Listening to Katrina Longworth’s dense and dreamlike You Must Remember This is like gazing through a window into showbiz’s past. Covering “the lost and/or forgotten history of Hollywood’s first century,” each episode tells the story of a specific individual and their inevitably sadness-tinged—or in most cases, totally obliterated—adventures through the weird Hollywood of yesteryear.

As intricately layered as any episode of This American Life, Remember is held together by Longworth’s seductively somnambulant narration and well-researched prose. A true podcast auteur, Longworth tells stories as compelling and emotional as any black and white cinema classic, and with just as much atmosphere and texture.

Though the show’s library also boasts several outstanding one-off episodes, Remember shines best when devoting itself to muli-part series, including last year’s seminal “Charles Manson’s Hollywood” and the current “Hollywood and the Blacklist.” Both are seminal listening for scholars and fans of movie nostalgia.



Whether it’s orchestral scoring, pop songs or musical numbers, recorded music is a huge part of the cinematic experience—and one that’s frequently under-discussed relative to other parts of the craft of filmmaking. But movie music, in all its many forms, is the purview of musicologist and host West Anthony’s Musical Notation, which airs weekly in highly digestible editions of 30 minutes or less.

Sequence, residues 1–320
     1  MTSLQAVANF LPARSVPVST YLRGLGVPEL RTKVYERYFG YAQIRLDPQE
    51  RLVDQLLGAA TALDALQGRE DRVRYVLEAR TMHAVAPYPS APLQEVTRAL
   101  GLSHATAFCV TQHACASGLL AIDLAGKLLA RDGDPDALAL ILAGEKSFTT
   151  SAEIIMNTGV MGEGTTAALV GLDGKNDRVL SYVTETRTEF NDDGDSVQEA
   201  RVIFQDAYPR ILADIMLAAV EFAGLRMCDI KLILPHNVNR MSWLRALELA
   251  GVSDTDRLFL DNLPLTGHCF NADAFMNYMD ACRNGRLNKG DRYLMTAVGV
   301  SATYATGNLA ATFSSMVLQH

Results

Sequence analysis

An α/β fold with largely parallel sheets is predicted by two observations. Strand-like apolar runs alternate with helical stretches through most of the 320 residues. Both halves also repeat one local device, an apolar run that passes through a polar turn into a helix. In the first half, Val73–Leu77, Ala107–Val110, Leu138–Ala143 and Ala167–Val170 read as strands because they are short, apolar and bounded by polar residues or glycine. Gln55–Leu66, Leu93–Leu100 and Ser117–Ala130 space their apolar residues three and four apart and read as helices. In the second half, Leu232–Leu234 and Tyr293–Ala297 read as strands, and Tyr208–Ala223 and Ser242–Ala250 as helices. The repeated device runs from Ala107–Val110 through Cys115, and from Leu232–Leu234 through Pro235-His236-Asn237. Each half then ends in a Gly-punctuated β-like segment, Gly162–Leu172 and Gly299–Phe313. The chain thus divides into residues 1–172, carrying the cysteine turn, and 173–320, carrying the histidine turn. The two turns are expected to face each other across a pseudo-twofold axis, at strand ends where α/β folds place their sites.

Recent episodes of Notation have focused on topics including the Best Score and Best Song nominees at the recent Academy Awards, as well as career-spanning explorations of composers as diverse as Ennio Morricone and Lionel Newman.

Anthony’s distinctive mix of charming cornball wit and stentorian vocal delivery serves as a gentle, knowledgeable tour guide through all things auditory and melodic, and his recommendations will have listeners flocking to iTunes to further their own investigation into the odd aural tributaries of popular film.



No podcast on the movie sphere features as diverse a swath of opinions as Fighting in the War Room. The range of perspectives primarily owes to the show’s eclectic group of hosts: Vanity Fair’s Katy Rich, Rolling Stone’s David Ehrlich, Latino Review’s Da7e Gonzales and Thrillist’s Matt Patches.

Ehrlich is the show’s resident art house curmudgeon, frequently dinged by Fighting iTunes reviewers as elitist and dismissive. Gonzales is the populist, with an encyclopedic knowledge of big budget studio franchise machinations at the ready. Patches is the optimist centrist and Rich keeps things on track with well-reasoned opinions, frequently filtered through a feminist perspective.

Each episode of Fighting’s mainline episodes is broken into segments devoted to wider discussions spinning off from current film news. There are also special episodes devoted to comic books, Star Wars, Game of Thrones and other properties—perfect for maximizing your (nonexistent) podcast dollar! 

So hopefully the five podcasts listed above are a good place to start for anyone looking to beef up their library of feeds. But like any group of voracious consumers, we’re eager to hear your recommendations. Let us know your favorite film podcasts in the comments, or hit us up on Facebook and Twitter.

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Matt Warren / Film Independent Digital Content Manager